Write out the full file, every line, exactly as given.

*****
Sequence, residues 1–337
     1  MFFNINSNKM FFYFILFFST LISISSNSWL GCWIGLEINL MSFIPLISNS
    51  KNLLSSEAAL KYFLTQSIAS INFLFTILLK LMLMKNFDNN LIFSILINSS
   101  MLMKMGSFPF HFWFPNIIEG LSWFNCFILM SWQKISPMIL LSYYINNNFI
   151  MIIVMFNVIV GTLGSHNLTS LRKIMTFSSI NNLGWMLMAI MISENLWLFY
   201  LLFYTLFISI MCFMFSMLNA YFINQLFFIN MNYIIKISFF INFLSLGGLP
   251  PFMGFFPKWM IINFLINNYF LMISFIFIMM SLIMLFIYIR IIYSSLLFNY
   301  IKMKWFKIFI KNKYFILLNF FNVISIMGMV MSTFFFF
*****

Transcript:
Sequence, residues 1–337
     1  MFFNINSNKM FFYFILFFST LISISSNSWL GCWIGLEINL MSFIPLISNS
    51  KNLLSSEAAL KYFLTQSIAS INFLFTILLK LMLMKNFDNN LIFSILINSS
   101  MLMKMGSFPF HFWFPNIIEG LSWFNCFILM SWQKISPMIL LSYYINNNFI
   151  MIIVMFNVIV GTLGSHNLTS LRKIMTFSSI NNLGWMLMAI MISENLWLFY
   201  LLFYTLFISI MCFMFSMLNA YFINQLFFIN MNYIIKISFF INFLSLGGLP
   251  PFMGFFPKWM IINFLINNYF LMISFIFIMM SLIMLFIYIR IIYSSLLFNY
   301  IKMKWFKIFI KNKYFILLNF FNVISIMGMV MSTFFFF